Why Are Young Malaysians Not Saving?
Here’s an alarming statistic: nearly 65,000 Malaysians between the ages of 18 to 44 have been declared bankrupt since 2013. What’s going on? Why are millennials spending more than they are saving? Here are 5 concerning reasons why.
The Influence of Social Media
Social media isn’t just for connecting with friends and family—it’s also fertile ground for advertisers. Tempting products marketed on social media lure millennials in, and thus they are indirectly pressured to buy.
Coupled with the fact that Malaysian millennials spend 27 hours a week looking at their phones, this creates a potent recipe for financial ruin. Further research reveals that:
- 57% of millennials spend money they hadn’t planned to because of what they saw on social media.
- 61% of millennials feel inadequate about what they have in their life based on what they saw on social media.
- 88% of millennials compare themselves to others on social media.
The high-pressure atmosphere of social media incentivizes spending to ‘keep up with the Joneses’, leading many Malaysians to spend beyond their means.
Rising Costs, Stagnant Salary
It is an irrefutable fact that Malaysians’ salary unfortunately has not gone up in line with the rate of inflation. In 2017, for example, the average salary increase rate in Malaysia declined to 5% as opposed to the 7% from the previous year.
In addition, prices are jacked up by retailers and vendors at every opportunity, citing increased fuel prices, increased taxes etc. Affordability of housing in Malaysia is also at unsustainable levels, according to Bank Negara. These factors combined give millennials zero chance at saving—needing most of their salary just to stay afloat.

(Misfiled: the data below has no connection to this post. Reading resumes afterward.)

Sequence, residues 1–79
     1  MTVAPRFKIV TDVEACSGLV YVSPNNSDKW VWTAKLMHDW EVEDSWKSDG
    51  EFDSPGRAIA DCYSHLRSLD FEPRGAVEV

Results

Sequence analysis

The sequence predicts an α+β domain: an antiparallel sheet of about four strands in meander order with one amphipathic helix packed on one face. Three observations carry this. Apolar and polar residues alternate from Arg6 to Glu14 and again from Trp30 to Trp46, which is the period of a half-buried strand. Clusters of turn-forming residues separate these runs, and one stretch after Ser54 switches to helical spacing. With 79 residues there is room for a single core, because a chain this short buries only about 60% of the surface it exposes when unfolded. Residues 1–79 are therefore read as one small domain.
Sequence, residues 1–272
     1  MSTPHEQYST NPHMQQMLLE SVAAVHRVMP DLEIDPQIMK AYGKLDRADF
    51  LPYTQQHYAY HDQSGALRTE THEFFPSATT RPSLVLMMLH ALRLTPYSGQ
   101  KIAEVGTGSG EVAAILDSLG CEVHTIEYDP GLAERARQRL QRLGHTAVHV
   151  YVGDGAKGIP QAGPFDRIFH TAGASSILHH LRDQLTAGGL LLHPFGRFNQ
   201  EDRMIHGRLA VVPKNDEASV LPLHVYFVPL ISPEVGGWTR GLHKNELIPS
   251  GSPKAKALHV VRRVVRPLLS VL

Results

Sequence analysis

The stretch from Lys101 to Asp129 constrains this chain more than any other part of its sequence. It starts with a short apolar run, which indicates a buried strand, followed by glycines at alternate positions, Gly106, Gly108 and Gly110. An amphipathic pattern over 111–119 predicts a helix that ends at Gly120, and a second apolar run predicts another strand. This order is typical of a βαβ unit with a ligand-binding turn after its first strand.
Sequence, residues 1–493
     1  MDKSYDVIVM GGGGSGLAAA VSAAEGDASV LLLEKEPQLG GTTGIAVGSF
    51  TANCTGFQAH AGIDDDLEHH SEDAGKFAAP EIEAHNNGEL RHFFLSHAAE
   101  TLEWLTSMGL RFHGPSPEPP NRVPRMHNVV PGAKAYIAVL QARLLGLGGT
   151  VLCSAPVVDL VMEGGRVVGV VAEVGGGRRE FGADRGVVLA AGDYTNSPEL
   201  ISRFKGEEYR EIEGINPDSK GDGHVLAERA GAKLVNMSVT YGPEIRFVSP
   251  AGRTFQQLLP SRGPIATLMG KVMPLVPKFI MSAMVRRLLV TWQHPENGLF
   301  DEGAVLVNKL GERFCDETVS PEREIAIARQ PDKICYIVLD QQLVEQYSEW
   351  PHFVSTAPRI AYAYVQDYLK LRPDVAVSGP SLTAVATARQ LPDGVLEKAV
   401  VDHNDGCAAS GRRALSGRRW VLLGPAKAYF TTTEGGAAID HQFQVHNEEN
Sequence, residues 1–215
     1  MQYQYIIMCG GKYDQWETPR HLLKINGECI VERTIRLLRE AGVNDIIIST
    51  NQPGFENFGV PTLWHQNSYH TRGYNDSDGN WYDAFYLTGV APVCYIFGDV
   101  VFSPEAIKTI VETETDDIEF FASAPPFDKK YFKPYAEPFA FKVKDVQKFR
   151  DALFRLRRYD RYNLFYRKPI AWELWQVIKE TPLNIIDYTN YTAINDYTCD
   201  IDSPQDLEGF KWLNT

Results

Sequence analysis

Obsession with Smartphones
According to MCMC, 45.9% of smartphone users in 2017 are millennials—by far the largest cohort. While it is undeniable that smartphones are a necessity in work and personal life, you don’t need the latest and greatest to perform most of the day-to-day functions.
Unfortunately, many millennials insist on having the latest Apple or Samsung model as their smartphone of choice. Prices of top-of-the-line smartphones increase year-on-year, with current flagships costing well above RM4000.
However, the improvements brought on by manufacturers are marginal at best compared to the previous year’s model. A mid-range smartphone that costs less than RM1000 will easily get the job done. Yet such phones are seen as a status symbol, and some people even insist on upgrading every year!
Lack of Investment
Many millennials keep their money in the bank account without investing it. This can be partly attributed to a lack of financial literacy, as millennials are not equipped to navigate the often confusing world of finance. Bad financial advice by family and friends may even dissuade millennials from making their own investment decisions.
However, the trend for immediate gratification may also explain why millennials’ don’t invest. Firstly, millennials don’t understand the effect of compound interest and long term return on investment. Secondly, savings are easily accessible spending that can be withdrawn at a moment’s notice. This lack of investment will come back to bite millennials down the road later in life, as EPF is simply not enough to cover one’s old age.
Unsustainable Car Loans
Owning a car is sometimes a necessity depending on your job and/or residence. Nonetheless, forking out for an unaffordable car loan can destroy millennials’ finances. Additionally, car maintenance can also be a drag on your money.
Remember the 65,000 people that were declared bankrupt? One of the biggest factors that sank their finances were indeed car loans. In fact, it is reported that millennials spend more on car loans (26.63%) than housing loans (16.87%). It’s better to go without a car if you can’t afford it, and put the money towards something more productive.